Bob Hope Airport student art

The first place art piece featured at the Bob Hope Airport traffic control tower was designed by Burroughs High School arts students Jordan Lopez, Melissa Alfaro, Shushanik Hovakimyan, Rachel Verharst, Daniel Kerkotchian, and Breanna French under the instruction of John Burroughs High School teacher Bonnie Burrow (Courtesy of the Burbank Bob Hope Airport / January 13, 2014)

Travelers heading to Bob Hope Airport may notice a huge banner hanging from an air-traffic control tower depicting an airplane flying out of a glass jar filled with clouds.

The art piece was the vision of six student artists from John Burroughs High School, and was among three pieces chosen from 186 entries as winners of the airport’s Tower Banner Student Art Contest, with this year’s theme “The Sky’s the Limit.”

“It’s neat to know that hundreds of thousands [of] people… will get to see this artwork while traveling through,” said Jordan Lopez, who graduated last year and was involved in designing the piece. “It might inspire someone else to make their own artwork.”

The theme, he said, helped him convey the idea that there is no limit to where one can travel.

“It inspired me into thinking about the fact that there really is no limit to the imagination… If you could imagine it, you could travel there,” Lopez said, adding that he depicted the airplane as if it was “escaping from its glass prison into the limitless unknown.”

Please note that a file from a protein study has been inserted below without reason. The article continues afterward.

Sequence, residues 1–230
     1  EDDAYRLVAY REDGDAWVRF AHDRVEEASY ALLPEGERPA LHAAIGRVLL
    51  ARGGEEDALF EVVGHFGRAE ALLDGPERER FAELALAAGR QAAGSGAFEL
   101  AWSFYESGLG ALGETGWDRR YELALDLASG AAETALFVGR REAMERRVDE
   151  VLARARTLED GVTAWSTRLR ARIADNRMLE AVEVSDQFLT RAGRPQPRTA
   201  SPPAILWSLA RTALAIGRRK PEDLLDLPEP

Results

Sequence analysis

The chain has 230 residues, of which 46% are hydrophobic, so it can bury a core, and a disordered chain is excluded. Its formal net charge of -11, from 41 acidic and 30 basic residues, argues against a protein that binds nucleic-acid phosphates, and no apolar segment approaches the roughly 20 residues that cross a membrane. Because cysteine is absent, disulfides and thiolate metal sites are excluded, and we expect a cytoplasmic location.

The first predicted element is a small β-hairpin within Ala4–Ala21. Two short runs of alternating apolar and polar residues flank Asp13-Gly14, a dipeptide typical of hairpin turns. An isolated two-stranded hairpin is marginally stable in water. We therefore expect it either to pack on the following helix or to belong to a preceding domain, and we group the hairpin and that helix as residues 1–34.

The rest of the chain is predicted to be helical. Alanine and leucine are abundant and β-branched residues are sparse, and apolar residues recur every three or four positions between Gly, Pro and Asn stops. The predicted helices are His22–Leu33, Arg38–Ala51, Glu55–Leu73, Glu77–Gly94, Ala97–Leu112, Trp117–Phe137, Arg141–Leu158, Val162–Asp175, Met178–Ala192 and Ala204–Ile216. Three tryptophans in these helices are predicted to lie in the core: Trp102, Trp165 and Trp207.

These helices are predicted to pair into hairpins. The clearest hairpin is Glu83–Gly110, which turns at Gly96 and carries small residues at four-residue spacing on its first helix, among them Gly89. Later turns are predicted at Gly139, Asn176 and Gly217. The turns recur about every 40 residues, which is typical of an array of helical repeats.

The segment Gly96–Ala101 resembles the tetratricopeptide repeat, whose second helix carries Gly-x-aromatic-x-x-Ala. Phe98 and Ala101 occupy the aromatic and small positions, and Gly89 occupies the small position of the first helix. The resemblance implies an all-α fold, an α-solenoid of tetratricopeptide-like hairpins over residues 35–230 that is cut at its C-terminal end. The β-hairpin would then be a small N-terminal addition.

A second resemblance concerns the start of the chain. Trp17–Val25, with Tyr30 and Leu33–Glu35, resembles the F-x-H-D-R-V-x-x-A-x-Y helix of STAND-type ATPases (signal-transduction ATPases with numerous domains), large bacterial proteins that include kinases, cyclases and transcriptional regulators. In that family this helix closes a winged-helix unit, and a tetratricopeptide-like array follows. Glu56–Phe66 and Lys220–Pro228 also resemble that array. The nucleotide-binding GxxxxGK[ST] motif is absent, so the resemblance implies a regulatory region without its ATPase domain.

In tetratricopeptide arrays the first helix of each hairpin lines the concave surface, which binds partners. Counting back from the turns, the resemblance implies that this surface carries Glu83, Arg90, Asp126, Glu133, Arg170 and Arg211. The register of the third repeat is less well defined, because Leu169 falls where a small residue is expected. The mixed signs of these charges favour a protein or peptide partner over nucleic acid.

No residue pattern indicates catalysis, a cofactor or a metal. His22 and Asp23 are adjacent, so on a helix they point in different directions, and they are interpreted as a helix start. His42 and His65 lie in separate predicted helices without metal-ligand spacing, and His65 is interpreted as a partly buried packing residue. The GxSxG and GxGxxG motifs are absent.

Fellow Burroughs arts students Melissa Alfaro, Shushanik Hovakimyan, Rachel Verharst, Daniel Kerkotchian and Breanna French helped Lopez design the piece, which will be on display until March.

The airport received 46 entries from students in Burbank, 77 from Glendale, and 63 from Pasadena. The arts and culture commissions of each city chose the winning pieces after the entries were narrowed down by each school district.

“It’s a wonderful way for students to get exposure and to see their art publicly hung,” said airport spokeswoman Lucy Burghdorf. “Teachers and art coordinators love the idea that students are able to showcase their art in a public venue.”

Lopez, who took four years of high school photography, plans to start his own business and pursue a career as a photographer.

As part of the competition, the airport gave each school district $3,000 to help fund its art programs. Since the contest began six years ago, each district has been awarded $16,500 for arts education, Burghdorf said.

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Follow Alene Tchekmedyian on Google+ and on Twitter: @atchek.

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